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Small machinery provides affordable options for women farmers in Nepal

March 2, 2017

Farmer Sunita Baineya checking her maize as it comes out of a shelling machine powered by 4WT in Sirkohiya, Bardiya. Photo: P. Lowe/CIMMYT

EL BATAN, Mexico (CIMMYT) – Small-scale mechanization is becoming more important on smallholder farms in Nepal as young people, particularly men, migrate away from rural areas in large numbers, leaving women to take on even bigger responsibilities.

Some 13 million people – about 50 percent of Nepal’s population – live in the hills and mountains where most subsistence farming takes place. Women traditionally contribute more agricultural labor than men in these rural areas, typically undertaking time-consuming tasks such as weeding, harvesting, threshing and milling in addition to household chores. Two-thirds of women in Nepal are self-employed or engaged in unpaid family labor.

Nepal has the lowest ratio of men to women in all of South Asia and the proportion of rural households headed by women jumped from 15 to 25 percent between 2001 and 2011. As a result, rural women face many challenges, their potential curtailed in part due to the difficulty accessing credit. Despite a 2002 amendment to the country’s Land Act, the practice of male succession means that women only own property in a fifth of rural households.

“Almost everywhere there are changes, but maybe particularly so in the mountains,” said Scott Justice, a rural mechanization specialist with the Cereal Systems Initiative for South Asia project in Nepal (CSISA-NP), who works with smallholders as part of efforts to help improve livelihoods. “Tasks like the upkeep of terraces, plowing or service hiring are getting delayed or passed on to women, at the same time as the prices of hiring are going up.”

Following the April 2015 earthquake in Nepal, CSISA-NP was contracted by the United States Agency for International Development (USAID) to help affected farming communities recover by providing grain storage tools, farm machinery and training, reaching 33,150 earthquake-affected households.

CSISA-NP, a project led by the International Maize and Wheat Improvement Center (CIMMYT) with the International Rice Research Institute and the International Food Policy Research Institute and funded by USAID, aims to address the gender imbalance by increasing access to affordable machinery options to increase farm income while reducing drudgery for women.

An as yet unpublished study on the spread of mini-tillers has shown approximately 7,000 mini-tillers sold in hill districts, Justice said.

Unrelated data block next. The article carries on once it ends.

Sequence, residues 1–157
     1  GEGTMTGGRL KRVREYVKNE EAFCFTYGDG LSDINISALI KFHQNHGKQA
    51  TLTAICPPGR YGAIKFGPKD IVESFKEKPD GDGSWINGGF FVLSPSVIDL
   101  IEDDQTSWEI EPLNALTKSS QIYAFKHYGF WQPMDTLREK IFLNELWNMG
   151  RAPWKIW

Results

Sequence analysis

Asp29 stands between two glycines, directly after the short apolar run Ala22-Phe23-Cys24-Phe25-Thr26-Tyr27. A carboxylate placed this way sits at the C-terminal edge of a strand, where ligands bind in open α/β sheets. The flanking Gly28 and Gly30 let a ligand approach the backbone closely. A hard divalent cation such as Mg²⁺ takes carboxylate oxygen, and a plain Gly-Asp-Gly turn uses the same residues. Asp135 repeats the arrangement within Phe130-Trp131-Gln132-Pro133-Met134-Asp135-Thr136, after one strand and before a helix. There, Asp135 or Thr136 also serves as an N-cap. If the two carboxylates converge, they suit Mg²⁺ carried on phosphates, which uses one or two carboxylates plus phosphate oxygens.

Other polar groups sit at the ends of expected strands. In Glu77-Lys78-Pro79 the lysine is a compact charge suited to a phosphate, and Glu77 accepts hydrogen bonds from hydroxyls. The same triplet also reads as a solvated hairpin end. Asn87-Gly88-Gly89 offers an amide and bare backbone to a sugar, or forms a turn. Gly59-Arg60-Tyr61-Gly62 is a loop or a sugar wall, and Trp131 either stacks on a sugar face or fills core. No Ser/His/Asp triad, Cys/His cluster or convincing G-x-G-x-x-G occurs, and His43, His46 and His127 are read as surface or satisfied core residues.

“A key priority for the government and projects like ours is getting owners to use the [mini-tiller] engine to power other machinery like wheat and rice threshers, mini-maize shellers, pumps and maybe even reapers and planter-seeder attachments,” said Justice.

“A small cadre of machinery importers who, along with CIMMYT’s market development efforts, are increasingly attuned to small farmers’ needs, bringing in a new generation of small and inexpensive machinery ideas and products emerging from China,” he said. “These qualities make it easier for women and their households to access and use such technologies.”

One of the technologies identified by CSISA-NP is a small, lightweight, precision hand cranked fertilizer spreader, which is growing in popularity because it can increase rice and wheat yields by 5 to 10 percent while cutting labor by half or more. CSISA has trained 150 service providers to use the fertilizer spreader, while cooperating private sector partners have imported over 500 of these spreaders in advance of the 2016-2017 wheat season.

CSISA focuses on the creation of a sustainable private machinery and service sector that serves farmers’ needs. A core group of approximately 15 to 20 (mostly) small businesses are constantly traveling and scouring the markets in China for new machinery and new ideas. One challenge is to encourage them to look more broadly in Asia for innovative scale appropriate technologies that meet the needs of both women and men in Nepal.

“Our activities are based on more than two decades of CIMMYT experience of small-scale mechanization in Nepal’s Terai area – rather than joining farmers’ experiments, we join in small and mid-sized machinery importers’ marketing experiments,” explained Justice.

CSISA is led by CIMMYT with the International Rice Research Institute and the International Food Policy Research Institute and funded by USAID. It was established in 2009 to promote durable change at scale in South Asia’s cereal-based cropping systems. 

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